My opinion is one of logic, nothing else. A gimmick is a gimmick, and is usually used to cover up for the product being less than stellar.

Anonymous Coward says:

Re: Re: Re:3 Re:

Well she is doing everything the labels actually do, so to support your theory I believe she will also fade away like the labels that have no talent and only exploit promotion to stay afloat while ripping the real people who produce something, but she does have and advantage she can actually produce her own crap and have the managerial skills of the pro’s which could be bad in the future as people tend to get out of touch with newer generations that have very different tastes and are generally trying to avoid everything the generation before them did.

She could end up like Bono, but most probably will be like Cindy Lauper or Village People or David Bowie, George Michael and so many others that just faded into obscurity.

Anonymous Coward says:

Re: Re: Re:3 Re:

Here are the gimmicks from 1985.


1. “Careless Whisper”…..Wham! (Anyone bellow 25 remembers them?)
2. “Say You, Say Me”…..Lionel Richie (Is he alive?)
3. “Separate Lives”…..Phil Collins & Marilyn Martin (Even I didn’t remember those people and I’m old)
4. “I Want To Know What Love Is”…..Foreigner (Ok old people don’t remember anything)
5. “Money For Nothing”…..Dire Straits (This one I do remember yay!)
6. “We Are The World”…..USA for Africa (This one too I remember)
7. “Broken Wings”…..Mr. Mister (And back to exercising my memory)
8. “Everybody Wants To Rule The World”…..Tears for Fears
9. “The Power Of Love”…..Huey Lewis & The News (No clue who they are)
10. “We Built This City”…..Starship (This was such a great song)

Source: The Eighties Club: Top 100 Songs of 1985


1. Careless Whisper, Wham!
2. Like a Virgin, Madonna (The media whore)
3. Wake Me Up Before You Go-Go, Wham!
4. I Want to Know What Love Is, Foreigner
5. I Feel for You, Chaka Khan (I remember only one music from them)
6. Out of Touch, Daryl Hall and John Oates (Don’t have a clue about who they are)
7. Everybody Wants to Rule the World, Tears For Fears (I am afraid only tears are left by now)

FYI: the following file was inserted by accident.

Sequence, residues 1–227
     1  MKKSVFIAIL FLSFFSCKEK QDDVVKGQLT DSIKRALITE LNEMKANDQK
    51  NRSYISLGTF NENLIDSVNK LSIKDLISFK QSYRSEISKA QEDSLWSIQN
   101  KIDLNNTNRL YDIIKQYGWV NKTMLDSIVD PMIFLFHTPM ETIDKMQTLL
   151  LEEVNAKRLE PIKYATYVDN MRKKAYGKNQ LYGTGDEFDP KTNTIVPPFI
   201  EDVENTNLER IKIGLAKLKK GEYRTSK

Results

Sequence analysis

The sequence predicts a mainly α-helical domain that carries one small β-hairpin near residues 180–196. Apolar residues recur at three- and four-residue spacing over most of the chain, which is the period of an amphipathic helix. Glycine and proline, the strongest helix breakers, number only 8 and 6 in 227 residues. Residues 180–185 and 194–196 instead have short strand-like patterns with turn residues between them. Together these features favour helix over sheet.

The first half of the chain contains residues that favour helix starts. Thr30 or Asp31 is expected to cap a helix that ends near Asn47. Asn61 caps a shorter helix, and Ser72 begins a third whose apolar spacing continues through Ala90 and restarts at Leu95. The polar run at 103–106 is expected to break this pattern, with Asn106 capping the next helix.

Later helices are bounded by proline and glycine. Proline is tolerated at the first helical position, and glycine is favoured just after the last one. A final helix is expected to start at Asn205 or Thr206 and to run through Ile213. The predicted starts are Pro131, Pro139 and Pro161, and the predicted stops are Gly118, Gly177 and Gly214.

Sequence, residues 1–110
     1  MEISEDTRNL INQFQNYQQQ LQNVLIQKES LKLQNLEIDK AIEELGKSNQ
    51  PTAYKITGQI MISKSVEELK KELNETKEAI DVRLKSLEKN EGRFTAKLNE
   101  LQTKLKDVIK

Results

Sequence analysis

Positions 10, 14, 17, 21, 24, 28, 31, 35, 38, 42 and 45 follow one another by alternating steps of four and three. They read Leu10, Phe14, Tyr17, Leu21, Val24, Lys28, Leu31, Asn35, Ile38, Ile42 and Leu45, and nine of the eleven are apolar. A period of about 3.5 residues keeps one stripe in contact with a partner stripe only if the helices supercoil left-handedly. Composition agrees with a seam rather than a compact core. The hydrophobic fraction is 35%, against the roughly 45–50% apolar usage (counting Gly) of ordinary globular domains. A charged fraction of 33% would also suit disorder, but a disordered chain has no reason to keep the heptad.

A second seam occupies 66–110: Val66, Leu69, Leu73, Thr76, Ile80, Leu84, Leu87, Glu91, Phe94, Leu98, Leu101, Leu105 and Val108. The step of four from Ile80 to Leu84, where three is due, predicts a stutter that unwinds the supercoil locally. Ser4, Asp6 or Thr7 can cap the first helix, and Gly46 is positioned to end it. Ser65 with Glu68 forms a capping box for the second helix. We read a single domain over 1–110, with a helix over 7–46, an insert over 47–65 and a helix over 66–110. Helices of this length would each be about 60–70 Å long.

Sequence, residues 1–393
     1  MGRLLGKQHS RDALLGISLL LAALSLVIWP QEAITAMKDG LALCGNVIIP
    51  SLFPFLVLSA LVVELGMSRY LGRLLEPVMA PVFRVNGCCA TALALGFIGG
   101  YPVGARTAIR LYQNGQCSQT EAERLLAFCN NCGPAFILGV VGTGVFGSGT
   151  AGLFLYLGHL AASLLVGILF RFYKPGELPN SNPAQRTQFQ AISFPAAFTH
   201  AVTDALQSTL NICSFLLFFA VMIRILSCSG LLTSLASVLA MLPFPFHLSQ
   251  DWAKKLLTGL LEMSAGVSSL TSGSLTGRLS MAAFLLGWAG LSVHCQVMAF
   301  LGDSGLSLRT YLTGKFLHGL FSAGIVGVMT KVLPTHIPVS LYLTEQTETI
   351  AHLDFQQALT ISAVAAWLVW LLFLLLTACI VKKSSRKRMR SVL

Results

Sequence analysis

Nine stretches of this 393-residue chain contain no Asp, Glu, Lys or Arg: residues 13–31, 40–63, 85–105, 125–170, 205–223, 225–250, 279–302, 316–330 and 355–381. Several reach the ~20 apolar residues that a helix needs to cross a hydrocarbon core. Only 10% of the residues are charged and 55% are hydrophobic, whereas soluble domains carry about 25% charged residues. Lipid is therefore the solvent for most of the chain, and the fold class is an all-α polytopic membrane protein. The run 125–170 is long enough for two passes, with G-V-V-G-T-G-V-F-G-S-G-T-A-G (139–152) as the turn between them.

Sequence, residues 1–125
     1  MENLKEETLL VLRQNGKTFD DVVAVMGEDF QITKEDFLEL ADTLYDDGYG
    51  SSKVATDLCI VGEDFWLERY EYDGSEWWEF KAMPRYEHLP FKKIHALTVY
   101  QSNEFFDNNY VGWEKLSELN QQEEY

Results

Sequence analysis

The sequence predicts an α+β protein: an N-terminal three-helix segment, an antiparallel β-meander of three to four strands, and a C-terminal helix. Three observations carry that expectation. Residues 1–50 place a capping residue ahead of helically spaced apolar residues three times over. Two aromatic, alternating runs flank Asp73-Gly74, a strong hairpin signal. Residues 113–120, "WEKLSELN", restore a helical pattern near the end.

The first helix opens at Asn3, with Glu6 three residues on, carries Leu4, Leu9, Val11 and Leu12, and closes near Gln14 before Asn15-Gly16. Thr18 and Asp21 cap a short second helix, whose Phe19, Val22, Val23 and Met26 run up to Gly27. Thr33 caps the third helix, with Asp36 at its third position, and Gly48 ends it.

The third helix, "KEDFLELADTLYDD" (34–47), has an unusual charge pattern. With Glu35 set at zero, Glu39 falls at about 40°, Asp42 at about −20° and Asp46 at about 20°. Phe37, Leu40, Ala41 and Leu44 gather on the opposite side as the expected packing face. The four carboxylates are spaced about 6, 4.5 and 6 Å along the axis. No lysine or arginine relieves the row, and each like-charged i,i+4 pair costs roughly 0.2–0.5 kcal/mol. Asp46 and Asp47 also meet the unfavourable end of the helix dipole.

8. Money for Nothing, Dire Straits (Probably being in dire straits right now)
9. Crazy for You, Madonna (Attention whore)
10. Take On Me, A-Ha (Oh the jokes)

Source:Music Outfitters: Top 100 Hits of 1985/Top 100 Songs of 1985

A-Ha! I knew I find and old joke there somewhere LoL

So in 25 years what changed?

herodotus (profile) says:

Re: Re: Re:2 Re:

“Lady Gaga is, like it or not, pretty musically talented. When you want to discuss the future of music, it’s important to at least try to be objective – otherwise you slip into “they listen to the rap music, which gives them the brain damage” territory pretty quickly.”

The future of what music?

It always amazes me that so many people who try to be forward-looking have so much trouble freeing their minds from the past.

Everyone that I have heard talk about ‘the future of music’ talks exclusively about pop music. And yet pop music is, in it’s entirety, a creation of the music industry. And I think that most forward-looking people would agree that this industry is in decline.

I agree that people who talk about music should try to be objective about it. But being serious about this attempt involves exposing yourself to the vast worlds of music that have nothing to do with celebrity driven pop music. And if you do that, it becomes clear pretty quickly that Lady Gaga, as a musical talent, is really pretty unremarkable.

Anonymous Coward says:

I would say to be careful what you wish for that you might get it.

Malware, such as viruses and Trojans weren’t so bad till they learned how to do it right from the spyware and dataminers.

Creating something of this nature doesn’t stay locked up forever. Once it is known it can be done, someone else will do it. It might sound like a great idea to go over and put your nose in another countries problems. The end result will be another country eventually doing the same thing to you. Once shown how to do it, it’s a matter of time before it comes home to roost.

weneedhelp (profile) says:

are these kinds of actions par for the course, or did HBGary Federal's boss spend way too much time watching crazy SciFi